By Jeanne Welsh
How can there be an advancement in human development when challenges such as anxiety, obesity and addiction already plague our youth?
Now, more than ever, is the time to inspire children and teens to learn new techniques so that they can improve their ability to take personal responsibility and make better life choices.
Most of us use only a fraction of our total lung capacity throughout our lives. We start forming the habit of shallow breathing early on in our childhood years, and it can lead to a litany of issues, ranging from chronic anxiety to compromised bodily functions. Parents, teachers and counsellors often have to address the consequences of what could be remedied through regular breathing activities.
One conscious breath has the ability to relax us both physically and mentally. It can mean the difference between responding and reacting, and assist us in detaching from negative emotions before they are expressed in destructive ways. For children, learning to harness the power of the breath can assist them in feeling okay in the face of unknown outcomes; understanding and accepting the consequences of their actions; improving their concentration and confidence; and of course being more present in each moment. Just imagine what a lifestime of conscious breathing exercises might achieve!
If you’re on a chair, sit as tall as you can. If you’re on a mat, lie down on your back.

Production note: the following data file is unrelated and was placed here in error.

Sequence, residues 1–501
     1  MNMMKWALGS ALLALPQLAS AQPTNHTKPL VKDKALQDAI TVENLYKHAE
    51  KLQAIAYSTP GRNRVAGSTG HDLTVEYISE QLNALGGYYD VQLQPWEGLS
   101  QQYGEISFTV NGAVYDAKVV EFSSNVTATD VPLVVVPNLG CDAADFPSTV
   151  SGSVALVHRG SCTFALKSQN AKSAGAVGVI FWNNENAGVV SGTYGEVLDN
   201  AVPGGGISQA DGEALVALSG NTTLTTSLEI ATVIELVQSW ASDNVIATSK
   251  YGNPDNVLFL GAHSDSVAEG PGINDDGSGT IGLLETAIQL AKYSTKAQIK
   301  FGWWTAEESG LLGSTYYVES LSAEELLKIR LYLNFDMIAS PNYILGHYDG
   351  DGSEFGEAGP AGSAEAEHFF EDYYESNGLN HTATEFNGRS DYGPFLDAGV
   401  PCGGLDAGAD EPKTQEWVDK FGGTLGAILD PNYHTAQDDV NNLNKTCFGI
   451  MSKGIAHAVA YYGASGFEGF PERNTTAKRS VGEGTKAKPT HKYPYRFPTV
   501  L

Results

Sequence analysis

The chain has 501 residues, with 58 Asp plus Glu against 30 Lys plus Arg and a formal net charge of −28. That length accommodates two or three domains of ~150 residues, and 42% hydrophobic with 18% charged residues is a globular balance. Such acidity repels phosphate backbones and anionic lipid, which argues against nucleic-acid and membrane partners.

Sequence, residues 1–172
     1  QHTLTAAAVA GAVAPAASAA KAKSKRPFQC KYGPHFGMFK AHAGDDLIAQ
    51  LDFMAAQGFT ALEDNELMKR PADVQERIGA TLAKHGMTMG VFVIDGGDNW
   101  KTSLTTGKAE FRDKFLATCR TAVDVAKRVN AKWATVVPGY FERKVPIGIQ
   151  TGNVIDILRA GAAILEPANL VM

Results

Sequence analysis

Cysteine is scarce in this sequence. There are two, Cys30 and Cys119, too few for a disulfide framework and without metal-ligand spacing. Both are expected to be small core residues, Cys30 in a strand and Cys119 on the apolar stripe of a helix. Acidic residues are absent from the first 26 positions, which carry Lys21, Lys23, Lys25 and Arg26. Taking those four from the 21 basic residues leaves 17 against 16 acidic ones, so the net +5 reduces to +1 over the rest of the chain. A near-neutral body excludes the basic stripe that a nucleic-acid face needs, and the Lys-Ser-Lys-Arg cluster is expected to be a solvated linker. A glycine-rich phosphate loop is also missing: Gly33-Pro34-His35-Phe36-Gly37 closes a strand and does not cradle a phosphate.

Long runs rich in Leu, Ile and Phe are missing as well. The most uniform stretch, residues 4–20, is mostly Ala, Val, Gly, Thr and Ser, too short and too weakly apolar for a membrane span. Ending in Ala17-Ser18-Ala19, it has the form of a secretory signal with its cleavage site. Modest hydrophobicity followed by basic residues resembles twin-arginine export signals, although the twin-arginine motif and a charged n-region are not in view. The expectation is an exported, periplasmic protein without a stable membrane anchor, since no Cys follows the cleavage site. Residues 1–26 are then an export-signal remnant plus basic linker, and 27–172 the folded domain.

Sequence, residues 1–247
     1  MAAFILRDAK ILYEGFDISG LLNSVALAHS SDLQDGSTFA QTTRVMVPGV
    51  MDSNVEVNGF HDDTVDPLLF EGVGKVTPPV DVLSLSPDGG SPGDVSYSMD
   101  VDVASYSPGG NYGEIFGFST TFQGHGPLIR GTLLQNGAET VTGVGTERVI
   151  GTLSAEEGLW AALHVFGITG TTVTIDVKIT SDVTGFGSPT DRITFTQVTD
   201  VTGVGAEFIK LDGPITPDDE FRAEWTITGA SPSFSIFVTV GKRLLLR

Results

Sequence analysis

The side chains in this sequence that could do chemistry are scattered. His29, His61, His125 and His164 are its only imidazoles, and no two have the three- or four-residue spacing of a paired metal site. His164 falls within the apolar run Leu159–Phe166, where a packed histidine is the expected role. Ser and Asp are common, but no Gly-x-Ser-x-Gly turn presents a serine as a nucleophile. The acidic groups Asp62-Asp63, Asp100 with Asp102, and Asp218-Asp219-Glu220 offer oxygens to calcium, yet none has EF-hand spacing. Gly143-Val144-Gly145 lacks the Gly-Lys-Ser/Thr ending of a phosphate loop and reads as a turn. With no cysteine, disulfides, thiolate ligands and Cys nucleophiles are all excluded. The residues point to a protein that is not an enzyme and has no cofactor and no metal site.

Softly close your eyes and place both your hands over your tummy.
Close your mouth and breathe through your nose, while imagining you’re
breathing through your tummy (as if you’re blowing up a balloon).
When you’ve reached your capacity, breathe out through your nose – keeping your eyes and mouth closed – and imagine letting all the air out of the balloon.
Next time you breathe in, try lifting your hands off your balloon belly a bit, creating a little space between your hands and belly. As you breathe out, bring your hands gently back to your belly as the balloon is deflating.
Whenever you feel like you don’t have the answers, or that you are being ignored or annoyed, take a few balloon breaths and let those feelings go by breathing them out of your belly.
When you’ve inhaled and exhaled five deep breaths with your eyes closed, place your hands on your heart and send loving thoughts towards yourself and all those around you.
ABOUT THE AUTHOR
Jeanne Welsh is the founder of Yoga for Kids Bali, which offers online courses on teaching yoga, mindfulness and breathwork to children and teenagers. Visit www.kidsyogacourses.com or contact [email protected] for more.